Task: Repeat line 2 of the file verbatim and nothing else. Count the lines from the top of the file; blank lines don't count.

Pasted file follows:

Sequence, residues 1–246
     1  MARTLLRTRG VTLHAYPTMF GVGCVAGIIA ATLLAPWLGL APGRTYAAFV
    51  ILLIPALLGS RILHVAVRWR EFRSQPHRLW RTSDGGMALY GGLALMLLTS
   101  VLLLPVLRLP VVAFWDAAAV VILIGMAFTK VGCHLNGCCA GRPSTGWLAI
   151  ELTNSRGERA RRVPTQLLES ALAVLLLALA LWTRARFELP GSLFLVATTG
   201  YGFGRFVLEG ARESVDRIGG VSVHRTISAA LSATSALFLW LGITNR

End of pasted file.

     1  MARTLLRTRG VTLHAYPTMF GVGCVAGIIA ATLLAPWLGL APGRTYAAFV